What happens when a cat's teeth start to break down, and its body absorbs the structures that hold the tooth in place? Our Mount Vernon vets discuss the symptoms of tooth resorption in cats and how it can be treated.
What is Tooth Resorption in Cats?
Tooth resorption occurs when the dentin (the hard tissue under the tooth's enamel) of a single tooth or multiple teeth rodes. Left untreated, this can cause irreparable damage.
Tooth resorption is a condition that cats can develop when the body starts to break down and absorb the structures of the tooth. Initially, it starts in the enamel and then advances to the center of the tooth. Eventually, the entire tooth disintegrates. This condition typically affects the third premolars in the lower jaw.
Sometimes, a hole might form in a cat's tooth, which may look like a cavity. However, cavities are caused by bacteria, while tooth resorption is a natural process in the body. Cavities are also uncommon in cats, so if you notice a hole in your cat's tooth that appears to be causing significant discomfort, tooth resorption may be the cause.
Tooth resorption is a common dental in cats and is painful for them. That's why it's imperative to bring your cat to the vet for routine dental exams and cleanings - so your vet can identify the condition as early as possible.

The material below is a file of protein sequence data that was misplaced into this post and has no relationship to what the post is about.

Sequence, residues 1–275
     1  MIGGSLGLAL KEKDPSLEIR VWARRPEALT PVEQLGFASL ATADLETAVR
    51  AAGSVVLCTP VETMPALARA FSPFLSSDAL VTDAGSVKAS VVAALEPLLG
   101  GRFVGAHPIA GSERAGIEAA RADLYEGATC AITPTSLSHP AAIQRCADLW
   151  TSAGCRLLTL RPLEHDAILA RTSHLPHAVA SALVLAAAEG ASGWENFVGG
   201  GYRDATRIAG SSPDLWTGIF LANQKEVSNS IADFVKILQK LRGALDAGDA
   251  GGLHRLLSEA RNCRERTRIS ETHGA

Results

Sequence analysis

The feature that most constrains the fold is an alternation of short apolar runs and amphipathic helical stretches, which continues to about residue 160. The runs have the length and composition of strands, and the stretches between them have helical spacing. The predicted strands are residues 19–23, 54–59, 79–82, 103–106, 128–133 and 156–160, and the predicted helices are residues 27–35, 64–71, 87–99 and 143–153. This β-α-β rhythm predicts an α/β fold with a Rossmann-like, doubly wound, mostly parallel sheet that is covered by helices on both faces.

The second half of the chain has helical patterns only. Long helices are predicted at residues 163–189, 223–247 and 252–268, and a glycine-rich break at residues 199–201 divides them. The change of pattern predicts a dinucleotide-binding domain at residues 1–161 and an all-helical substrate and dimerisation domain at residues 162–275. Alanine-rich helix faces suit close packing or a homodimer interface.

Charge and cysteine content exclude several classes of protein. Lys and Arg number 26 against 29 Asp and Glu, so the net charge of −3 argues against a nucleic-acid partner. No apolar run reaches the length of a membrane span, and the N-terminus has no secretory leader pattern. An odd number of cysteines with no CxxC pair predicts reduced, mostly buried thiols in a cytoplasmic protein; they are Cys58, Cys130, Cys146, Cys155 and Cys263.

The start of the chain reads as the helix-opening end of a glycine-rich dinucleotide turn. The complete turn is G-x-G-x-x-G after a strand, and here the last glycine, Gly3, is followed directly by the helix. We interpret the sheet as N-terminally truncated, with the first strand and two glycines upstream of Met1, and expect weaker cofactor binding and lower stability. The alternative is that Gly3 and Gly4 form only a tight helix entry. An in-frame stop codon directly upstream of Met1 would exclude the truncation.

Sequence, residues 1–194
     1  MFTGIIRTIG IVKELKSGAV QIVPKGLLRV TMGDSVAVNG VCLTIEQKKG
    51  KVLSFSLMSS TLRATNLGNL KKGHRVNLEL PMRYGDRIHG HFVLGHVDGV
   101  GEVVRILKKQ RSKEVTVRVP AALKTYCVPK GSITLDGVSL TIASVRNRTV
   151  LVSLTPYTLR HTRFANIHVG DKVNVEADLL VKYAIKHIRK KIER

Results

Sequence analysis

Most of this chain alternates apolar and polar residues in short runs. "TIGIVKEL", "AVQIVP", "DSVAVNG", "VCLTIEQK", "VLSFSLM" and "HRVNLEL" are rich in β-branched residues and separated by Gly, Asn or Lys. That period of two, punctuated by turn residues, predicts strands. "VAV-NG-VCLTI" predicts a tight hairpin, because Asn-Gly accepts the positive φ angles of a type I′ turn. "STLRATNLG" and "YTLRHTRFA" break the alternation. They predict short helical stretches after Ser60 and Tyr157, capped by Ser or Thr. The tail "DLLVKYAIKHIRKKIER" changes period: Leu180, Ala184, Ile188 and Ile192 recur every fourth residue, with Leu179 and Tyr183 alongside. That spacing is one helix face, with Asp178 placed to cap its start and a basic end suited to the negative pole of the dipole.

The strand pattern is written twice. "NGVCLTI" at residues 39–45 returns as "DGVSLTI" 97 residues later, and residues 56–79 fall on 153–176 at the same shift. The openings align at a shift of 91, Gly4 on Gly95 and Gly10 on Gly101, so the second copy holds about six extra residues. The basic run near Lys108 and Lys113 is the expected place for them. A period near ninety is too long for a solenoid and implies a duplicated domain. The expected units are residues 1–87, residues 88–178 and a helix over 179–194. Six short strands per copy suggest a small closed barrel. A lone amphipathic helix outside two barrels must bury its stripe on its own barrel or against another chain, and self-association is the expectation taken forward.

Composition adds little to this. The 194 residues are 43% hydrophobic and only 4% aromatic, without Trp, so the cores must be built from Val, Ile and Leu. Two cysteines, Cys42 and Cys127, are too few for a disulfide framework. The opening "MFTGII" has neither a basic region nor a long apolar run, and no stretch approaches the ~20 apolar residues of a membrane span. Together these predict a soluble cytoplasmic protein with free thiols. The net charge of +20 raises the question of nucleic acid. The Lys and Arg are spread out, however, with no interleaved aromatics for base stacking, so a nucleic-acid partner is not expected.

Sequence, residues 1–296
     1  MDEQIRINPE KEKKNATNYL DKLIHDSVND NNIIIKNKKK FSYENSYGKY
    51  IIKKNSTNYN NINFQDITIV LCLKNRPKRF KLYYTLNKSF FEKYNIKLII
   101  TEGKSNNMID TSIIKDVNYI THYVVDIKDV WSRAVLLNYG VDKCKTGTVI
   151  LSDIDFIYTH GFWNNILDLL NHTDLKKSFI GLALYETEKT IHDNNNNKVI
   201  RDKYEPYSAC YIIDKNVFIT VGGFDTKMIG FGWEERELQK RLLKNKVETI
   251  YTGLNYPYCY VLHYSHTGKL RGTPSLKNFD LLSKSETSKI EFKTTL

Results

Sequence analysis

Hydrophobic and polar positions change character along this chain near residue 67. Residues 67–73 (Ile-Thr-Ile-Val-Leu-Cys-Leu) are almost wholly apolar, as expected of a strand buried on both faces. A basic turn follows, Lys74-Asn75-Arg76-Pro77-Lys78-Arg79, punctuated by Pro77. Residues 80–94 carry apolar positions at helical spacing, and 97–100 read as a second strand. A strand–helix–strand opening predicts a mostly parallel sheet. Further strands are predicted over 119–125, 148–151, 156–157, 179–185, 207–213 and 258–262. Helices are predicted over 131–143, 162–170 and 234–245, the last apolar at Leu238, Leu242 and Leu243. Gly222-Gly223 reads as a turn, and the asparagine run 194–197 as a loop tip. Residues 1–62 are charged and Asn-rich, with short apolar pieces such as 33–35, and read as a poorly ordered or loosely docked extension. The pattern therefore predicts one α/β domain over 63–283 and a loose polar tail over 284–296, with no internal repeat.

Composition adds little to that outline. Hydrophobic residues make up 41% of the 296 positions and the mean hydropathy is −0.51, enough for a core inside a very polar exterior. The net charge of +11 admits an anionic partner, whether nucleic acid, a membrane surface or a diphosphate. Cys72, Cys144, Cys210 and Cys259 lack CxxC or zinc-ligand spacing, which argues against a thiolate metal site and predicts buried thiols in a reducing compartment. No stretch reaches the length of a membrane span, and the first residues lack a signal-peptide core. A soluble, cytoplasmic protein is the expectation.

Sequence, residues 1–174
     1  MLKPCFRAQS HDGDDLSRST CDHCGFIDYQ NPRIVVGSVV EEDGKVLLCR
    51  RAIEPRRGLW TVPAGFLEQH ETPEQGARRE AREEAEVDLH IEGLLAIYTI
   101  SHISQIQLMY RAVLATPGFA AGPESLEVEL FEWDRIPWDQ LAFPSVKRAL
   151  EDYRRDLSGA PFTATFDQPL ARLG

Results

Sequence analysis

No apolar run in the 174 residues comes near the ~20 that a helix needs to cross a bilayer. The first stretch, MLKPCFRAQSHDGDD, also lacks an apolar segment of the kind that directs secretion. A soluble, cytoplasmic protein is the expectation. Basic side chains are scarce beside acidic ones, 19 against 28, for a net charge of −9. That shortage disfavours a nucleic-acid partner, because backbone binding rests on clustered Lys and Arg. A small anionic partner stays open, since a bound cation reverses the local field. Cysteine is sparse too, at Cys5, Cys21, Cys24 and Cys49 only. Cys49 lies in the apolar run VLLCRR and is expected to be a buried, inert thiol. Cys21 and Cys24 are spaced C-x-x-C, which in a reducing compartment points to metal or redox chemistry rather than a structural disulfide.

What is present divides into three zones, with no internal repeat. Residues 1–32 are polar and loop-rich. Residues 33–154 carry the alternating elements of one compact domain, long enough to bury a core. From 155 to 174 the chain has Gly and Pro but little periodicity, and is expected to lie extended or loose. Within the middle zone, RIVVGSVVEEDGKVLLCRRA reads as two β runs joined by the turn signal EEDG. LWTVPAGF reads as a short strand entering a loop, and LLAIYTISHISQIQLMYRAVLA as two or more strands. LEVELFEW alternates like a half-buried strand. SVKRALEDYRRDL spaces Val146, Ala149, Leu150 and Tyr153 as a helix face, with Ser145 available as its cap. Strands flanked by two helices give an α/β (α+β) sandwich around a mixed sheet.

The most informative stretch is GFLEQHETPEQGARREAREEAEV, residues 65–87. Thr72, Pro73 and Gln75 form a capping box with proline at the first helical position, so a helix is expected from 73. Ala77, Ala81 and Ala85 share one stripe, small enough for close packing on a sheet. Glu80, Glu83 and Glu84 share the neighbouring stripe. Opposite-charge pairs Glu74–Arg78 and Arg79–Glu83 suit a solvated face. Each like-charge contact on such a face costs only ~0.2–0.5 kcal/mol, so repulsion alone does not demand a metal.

Different Types of Tooth Resorption in Cats
Cats can have two kinds of tooth problems, and vets use X-rays to figure out which one a cat has. A normal tooth should show a dark, thin outline surrounding the root, indicating the presence of the periodontal ligament that connects the root to the bone.
The causes of each type of tooth resorption in cats are unknown. However, bringing your cat in for regularly scheduled professional oral examinations and cleanings and maintaining good oral hygiene practices at home will lower your cat's risk of developing this condition or detecting it immediately.
Here are the two types of tooth problems in cats:
Type 1 Tooth Resorption
If a cat has type 1 tooth resorption, it indicates that the tooth's crown is affected, but the root appears normal on the radiograph, and the periodontal ligament is easily identifiable.
Type 2 Tooth Resorption
This condition is known as replacement resorption, which causes the root to appear as if it is disintegrating. As a result, it becomes difficult to distinguish it from the bone on the radiograph.
Symptoms of Tooth Resorption in Cats
Although tooth resorption can cause severe pain for cats, it can be challenging to recognize as our feline friends are skilled at concealing their discomfort. Therefore, it is crucial to identify the following common signs and symptoms:
- Increased Salivation
- Difficulty Eating
- Oral Bleeding
- Behavioral Changes
How Cats With Tooth Resorption Can Be Treated
If you think your cat might have tooth problems, it's important to see the vet right away. The vet will conduct a thorough examination of your feline friend with the help of radiographs and clinical screening while your cat is under anesthesia.
They may also perform a complete dental screening. If left untreated, tooth resorption can lead to a lot of pain and infection in your cat. It can even cause tooth loss if the crown of the tooth breaks. So don't wait, take your cat to the vet.
If the vet finds your cat has type 1 tooth problems, they'll probably have to remove the whole tooth. If your cat has type 2 tooth problems, the vet might need to remove the tooth's top part but leave the root.
Note: The advice provided in this post is intended for informational purposes and does not constitute medical advice regarding pets. For an accurate diagnosis of your pet's condition, please make an appointment with your vet.